Compass Box “Oak Cross” (43%, OB, Circa 2006)

From the same period as “Asyla” (a blended Whisky), I reviewed back in 2015, comes this Blended Malt called “Oak Cross”. Blended Malt is the new expression for what we once called Vatted Malts. Two or more Single Malts, from different distilleries, blended together (so, without any Grain Whisky). Oak Cross is made from three Highland Single Malt Whiskies, yes, blended together to make this Blended Malt. I’ll let Compass Box themselves explain how they did it, since there is no way I could have put it better myself:

All [three] are aged [10 to 12 years] in [first fill] American oak casks before we place a portion [said to be 40%] into innovative hybrid casks [for up to 2 years] featuring heavily toasted new French oak heads [hence the name Oak Cross]. These give the whisky an added richness and spice-like complexity. By carefully blending back the French oak-aged whisky with its American oak-aged forebear, we are able to create a refined, rich, but well-mannered Malt Whisky, with fruity aspects that will remind you of baked apple or pears, complemented by a rich, toasty oak character.

By the way, the three Malts used for this “Blend” are 60% Clynelish (fruity), 20% Teaninich (for the smell of it) and 20% Dailuaine (the “meat” of it all).

Color: Light gold.

Nose: Young and rather perfumy (Teaninich). Friendly and light. Appetizing. Something works very well here. Fruity (Clynelish). Yellow fruits that is, more of the apples and pears kind of fruit. Very European so to speak as opposed to the exotic Indian spices we get from, well…Indian Whiskies. Cardboard, and paper, dusty notes from oak, almost like an old house. Warm apple compote. More sweet than acidic to be frank. This has a warming quality to it. Notes of vanilla pudding. and soft oak, almost boiled soft oak. Tiniest hint of burned wood (and hay), warm motor oil (Dailuaine) and finally some grassy green hints. Although I am quite familiar with Whiskies from American oak, this does have another twist to it, is it the French oak maybe, or is it the soft fruitiness this shows. Nice, whatever it is.

Taste: Quite sweet on entry and again very friendly but also a bit thin, apart from the sugary feel that is. Nice and very approachable. No off-notes (hint of plastic, and ever so slightly soapy, but these don’t hurt the end-result a bit), and the sweetness never gets to that, annoying, cloying-level. Fruity yes, but harder to analyze than it was from the nose. Not so apply and peary as the nose. Maybe the sweetness is masking it? Fruity appetizing body, with a nice warming finish and enough staying power.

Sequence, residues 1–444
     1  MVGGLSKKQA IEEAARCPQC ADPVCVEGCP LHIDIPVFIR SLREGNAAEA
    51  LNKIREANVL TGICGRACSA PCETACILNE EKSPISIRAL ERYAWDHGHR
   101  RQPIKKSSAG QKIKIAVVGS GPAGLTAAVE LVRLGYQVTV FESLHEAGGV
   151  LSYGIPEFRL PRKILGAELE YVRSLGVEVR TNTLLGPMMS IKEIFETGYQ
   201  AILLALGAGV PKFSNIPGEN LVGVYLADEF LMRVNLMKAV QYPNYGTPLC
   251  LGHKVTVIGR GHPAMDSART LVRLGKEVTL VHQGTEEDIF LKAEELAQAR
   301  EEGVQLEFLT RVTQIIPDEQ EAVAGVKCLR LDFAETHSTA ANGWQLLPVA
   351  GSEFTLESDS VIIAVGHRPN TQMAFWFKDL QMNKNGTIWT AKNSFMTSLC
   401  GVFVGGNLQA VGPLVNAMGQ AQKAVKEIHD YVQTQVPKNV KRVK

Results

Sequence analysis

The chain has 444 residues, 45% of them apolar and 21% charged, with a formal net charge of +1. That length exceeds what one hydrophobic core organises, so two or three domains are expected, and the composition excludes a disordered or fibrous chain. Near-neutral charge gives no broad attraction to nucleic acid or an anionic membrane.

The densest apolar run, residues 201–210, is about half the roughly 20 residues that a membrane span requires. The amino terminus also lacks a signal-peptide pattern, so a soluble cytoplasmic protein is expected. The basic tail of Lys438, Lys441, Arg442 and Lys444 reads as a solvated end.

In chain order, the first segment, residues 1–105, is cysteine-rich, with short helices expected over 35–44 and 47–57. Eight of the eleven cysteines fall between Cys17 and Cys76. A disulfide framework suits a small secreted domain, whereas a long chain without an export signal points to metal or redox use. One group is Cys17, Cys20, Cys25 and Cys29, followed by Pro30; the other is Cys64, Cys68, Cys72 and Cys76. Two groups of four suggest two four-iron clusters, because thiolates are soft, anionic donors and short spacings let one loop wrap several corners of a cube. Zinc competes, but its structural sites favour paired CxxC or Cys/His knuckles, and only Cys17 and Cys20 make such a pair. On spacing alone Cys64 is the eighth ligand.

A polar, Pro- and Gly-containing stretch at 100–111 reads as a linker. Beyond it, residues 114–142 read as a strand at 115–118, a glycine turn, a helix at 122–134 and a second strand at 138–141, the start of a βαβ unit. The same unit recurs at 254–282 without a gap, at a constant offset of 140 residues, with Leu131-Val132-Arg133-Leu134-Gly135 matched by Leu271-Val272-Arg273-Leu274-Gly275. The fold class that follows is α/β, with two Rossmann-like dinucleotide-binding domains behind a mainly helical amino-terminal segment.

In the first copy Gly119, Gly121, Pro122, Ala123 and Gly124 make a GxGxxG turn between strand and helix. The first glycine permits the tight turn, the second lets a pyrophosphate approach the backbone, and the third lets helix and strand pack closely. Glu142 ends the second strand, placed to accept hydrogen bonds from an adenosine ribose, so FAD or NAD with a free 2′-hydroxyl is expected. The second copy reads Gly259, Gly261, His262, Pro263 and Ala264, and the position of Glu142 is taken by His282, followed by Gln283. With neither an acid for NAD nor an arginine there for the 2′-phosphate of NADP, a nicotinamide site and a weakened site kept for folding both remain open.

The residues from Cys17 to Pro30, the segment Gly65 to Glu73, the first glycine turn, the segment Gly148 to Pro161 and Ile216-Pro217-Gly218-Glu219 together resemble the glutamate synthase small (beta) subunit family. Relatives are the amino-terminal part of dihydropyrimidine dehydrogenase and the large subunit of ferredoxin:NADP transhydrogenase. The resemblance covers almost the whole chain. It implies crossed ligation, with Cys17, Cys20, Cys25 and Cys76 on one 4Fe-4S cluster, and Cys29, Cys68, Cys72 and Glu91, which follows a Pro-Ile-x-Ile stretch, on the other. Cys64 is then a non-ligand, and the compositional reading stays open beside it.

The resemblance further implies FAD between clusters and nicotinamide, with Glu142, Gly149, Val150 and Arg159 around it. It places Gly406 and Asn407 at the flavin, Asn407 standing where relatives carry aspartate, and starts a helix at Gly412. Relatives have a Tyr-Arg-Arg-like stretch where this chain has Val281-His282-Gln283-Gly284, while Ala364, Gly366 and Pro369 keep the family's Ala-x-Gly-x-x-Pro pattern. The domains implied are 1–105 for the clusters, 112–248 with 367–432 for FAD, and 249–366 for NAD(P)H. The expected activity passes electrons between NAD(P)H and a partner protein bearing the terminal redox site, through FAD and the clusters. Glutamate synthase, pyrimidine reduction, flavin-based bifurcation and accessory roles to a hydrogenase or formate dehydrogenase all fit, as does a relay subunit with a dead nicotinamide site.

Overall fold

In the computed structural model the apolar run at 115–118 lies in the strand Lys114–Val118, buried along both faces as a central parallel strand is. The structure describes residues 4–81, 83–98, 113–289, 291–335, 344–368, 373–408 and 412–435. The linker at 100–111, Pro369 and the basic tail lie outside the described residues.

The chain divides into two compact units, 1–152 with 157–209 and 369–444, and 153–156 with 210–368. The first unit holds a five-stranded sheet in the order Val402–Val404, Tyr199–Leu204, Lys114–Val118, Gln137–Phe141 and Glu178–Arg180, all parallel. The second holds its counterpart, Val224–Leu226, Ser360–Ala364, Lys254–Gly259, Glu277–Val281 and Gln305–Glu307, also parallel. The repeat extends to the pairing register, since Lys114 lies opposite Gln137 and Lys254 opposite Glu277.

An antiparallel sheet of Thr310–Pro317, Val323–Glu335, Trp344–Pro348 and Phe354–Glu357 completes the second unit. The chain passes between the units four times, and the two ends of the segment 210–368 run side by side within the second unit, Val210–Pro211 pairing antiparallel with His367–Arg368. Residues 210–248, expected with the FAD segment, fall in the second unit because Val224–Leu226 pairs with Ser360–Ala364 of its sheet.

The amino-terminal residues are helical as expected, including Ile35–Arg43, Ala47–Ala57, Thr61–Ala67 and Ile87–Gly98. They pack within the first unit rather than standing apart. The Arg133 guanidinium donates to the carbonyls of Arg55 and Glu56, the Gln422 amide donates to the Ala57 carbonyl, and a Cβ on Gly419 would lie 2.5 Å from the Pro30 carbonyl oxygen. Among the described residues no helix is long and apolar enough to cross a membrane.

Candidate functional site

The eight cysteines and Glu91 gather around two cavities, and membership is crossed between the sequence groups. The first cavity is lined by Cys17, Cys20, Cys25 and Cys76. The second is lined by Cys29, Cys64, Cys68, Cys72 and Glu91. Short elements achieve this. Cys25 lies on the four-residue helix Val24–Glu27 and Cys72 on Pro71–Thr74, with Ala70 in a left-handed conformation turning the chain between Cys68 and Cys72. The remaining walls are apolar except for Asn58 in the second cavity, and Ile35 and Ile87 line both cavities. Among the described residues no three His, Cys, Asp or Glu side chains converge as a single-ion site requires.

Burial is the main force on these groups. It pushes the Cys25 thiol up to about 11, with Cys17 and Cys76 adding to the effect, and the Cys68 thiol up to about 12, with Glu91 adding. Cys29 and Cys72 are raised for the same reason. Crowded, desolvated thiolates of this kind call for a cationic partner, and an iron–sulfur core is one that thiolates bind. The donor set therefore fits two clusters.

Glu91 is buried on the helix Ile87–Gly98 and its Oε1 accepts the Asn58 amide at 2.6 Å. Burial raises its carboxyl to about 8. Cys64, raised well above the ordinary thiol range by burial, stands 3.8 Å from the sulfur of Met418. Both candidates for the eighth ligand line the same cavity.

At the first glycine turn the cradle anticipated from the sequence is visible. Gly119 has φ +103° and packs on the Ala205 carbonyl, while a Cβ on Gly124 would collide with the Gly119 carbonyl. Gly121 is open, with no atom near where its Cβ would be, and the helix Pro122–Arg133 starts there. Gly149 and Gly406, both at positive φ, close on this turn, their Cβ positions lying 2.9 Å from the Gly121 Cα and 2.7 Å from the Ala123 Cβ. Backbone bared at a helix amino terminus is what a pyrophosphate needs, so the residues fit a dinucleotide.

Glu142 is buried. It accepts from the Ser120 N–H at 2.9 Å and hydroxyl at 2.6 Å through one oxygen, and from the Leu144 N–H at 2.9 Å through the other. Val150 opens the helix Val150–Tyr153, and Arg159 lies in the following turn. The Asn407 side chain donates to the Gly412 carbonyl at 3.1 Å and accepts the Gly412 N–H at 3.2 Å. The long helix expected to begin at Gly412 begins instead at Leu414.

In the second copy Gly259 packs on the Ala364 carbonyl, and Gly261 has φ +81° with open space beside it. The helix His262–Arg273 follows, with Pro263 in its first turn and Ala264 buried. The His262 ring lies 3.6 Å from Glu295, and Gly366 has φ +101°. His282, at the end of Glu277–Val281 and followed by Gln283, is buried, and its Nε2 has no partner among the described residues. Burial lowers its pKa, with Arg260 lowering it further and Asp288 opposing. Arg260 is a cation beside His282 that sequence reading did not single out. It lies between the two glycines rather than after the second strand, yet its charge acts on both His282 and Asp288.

The sweetness makes this approachable and likeable, and is probably marketed towards people who are new to (Single Malt) Whisky. This may have it all, it seems young, but acceptable, therefore also quite inexpensive, well made, soft and friendly.

Points: 80

Advertisements

Highland Park Week – Day 4: Highland Park 1992/2006 (46%, Wilson & Morgan, Refill Sherry)

Yesterday we ventured into the realm of the independent bottler, well two actually. Today we’ll stay there but add only one independent bottler to our collection. This time we’ll have a look at a reasonably priced, (at least it was reasonably priced ten years ago, when this was bottled), and reduced Highland Park bottled by Italian outfit Wilson & Morgan. Yes, you’ll find a lot of people in Italy with names like that!

Yesterdays Highland Park was distilled in 1995, this particular one was distilled several years earlier. Do you see a trend? However, since this was bottled ten years prior to yesterdays 1995 offering, this one is definitely younger (as in it spent less time in wood). Here it is stated on the label that this came out of a Refill Sherry cask, so lets see if this one has more Sherry influence, compared to yesterdays Refill Hogshead.

Color: Gold.

Nose: Funky Sherry notes and actually a bit soapy. Much different from the previous Highland Park. Right from the start discrepant fruity acidic notes. Dusty and vegetal. Not very appealing actually. First impression is that something is not quite right. Warm, dull (nothing sticks out or shines) and somewhat simple. Not a lot of development. It’s almost like the Highland park distillate and this particular Sherry cask are no friends of each other. I’m wondering what kind of Sherry it was. Definitely unbalanced. Hints of caramel, toast and aspirin powder. Add to that a vibrant red fruity, synthetic, acidity. Unbelievable how dusty this is. No wood and some hidden sweetness. Syrup, sugar (the smell of it, not the sweetness). Hints of morning breath and Jenever. Powdered coffee creamer.

Taste: Wow, the dullness mentioned above is right op front the taste as well, as is (finally) some wood. Short hot burst and woody spices. Friendly hint of, again synthetic, lemon. Some sweetness in the background, toffee, coffee creamer and yet again an unbalanced middle part. Rural notes. Here the dullness translates into paper. Old newspaper (hold the ink). The red fruits mentioned above make up the rather short finish, with a unbalaced aftertaste. The cask did it’s part here. It did impair aromas you wouldn’t get from a Bourbon cask. However, just like was noticeable on the nose. The Highland Park distillate and the cask didn’t work together very well.